The history, classification, clinical and EEG features, genetics, differential diagnosis, and outcome of “benign familial infantile seizures” (BFIS) are reviewed from the Neurology Department, Bambino Gesu Children Hospital, Rome, Italy. First reported by Fukuyama (1963) as partial seizures occurring in the first 2 years, idiopathic, and with a benign outcome, the syndrome was later described as benign partial epilepsy of infancy with complex partial seizures (BPE and CPS) and BPE with secondarily generalized seizures in infancy (Watanabe et al. 1987, 1990, and 1993). The term “benign infantile familial convulsions” was proposed by the present author (Vigevano F et al. 1992), cases showing an autosomal dominant inheritance. Finally, in the ILAE classification (2001) the term “benign familial infantile seizures” was preferred, and two forms were listed, familial and nonfamilial. The inheritance is heterogeneous, with chromosome markers on chromosomes 19, 16 (BIFC and paroxysmal choreoathetosis), and on chromosome 2. Two families were also described with onset at the 2nd month, with mutations in the sodium-channel gene SCN2A, and two with neonatal onset had genetic mutations associated with potassium channels. Some cases have been associated with diarrhea and rotavirus.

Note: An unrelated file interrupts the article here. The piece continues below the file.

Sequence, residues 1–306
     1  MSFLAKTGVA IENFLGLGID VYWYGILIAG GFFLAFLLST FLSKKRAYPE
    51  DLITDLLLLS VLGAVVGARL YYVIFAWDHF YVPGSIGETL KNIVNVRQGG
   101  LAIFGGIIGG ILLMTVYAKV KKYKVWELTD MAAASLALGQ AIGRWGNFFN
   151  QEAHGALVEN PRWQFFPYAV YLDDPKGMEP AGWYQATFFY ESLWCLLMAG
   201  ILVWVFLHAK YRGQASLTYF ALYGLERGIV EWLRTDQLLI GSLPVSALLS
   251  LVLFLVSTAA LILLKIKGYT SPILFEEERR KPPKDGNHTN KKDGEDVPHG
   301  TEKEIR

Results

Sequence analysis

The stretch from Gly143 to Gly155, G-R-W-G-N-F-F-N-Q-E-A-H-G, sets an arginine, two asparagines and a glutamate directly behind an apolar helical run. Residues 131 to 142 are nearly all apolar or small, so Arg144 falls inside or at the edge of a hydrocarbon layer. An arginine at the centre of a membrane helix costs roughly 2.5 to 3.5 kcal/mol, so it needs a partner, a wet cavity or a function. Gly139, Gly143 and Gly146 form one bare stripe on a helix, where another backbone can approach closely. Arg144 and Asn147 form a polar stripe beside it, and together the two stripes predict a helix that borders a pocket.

Clinical characteristics are as follows: Family history of similar seizures; normal early development; onset 3-10 months; normal neurologic exam; seizures in clusters; partial (occipito-parietal) seizures; normal interictal EEG; benign course; and normal developmental outcome. In the absence of a family history of BFIS, early diagnosis may be difficult and only by exclusion of possible etiological factors or by identification of the genetic marker. Sporadic cases may carry the same genetic marker as familial ones, with less expressivity. [1]

COMMENT. The syndrome of BFIS has characteristic clinical features and benign outcome but variable genetic mutations associated with a channelopathy. The decision to treat depends on the severity and frequency of seizures and the family history. The author cites untreated familial cases having isolated or brief clusters up to 1 year of age.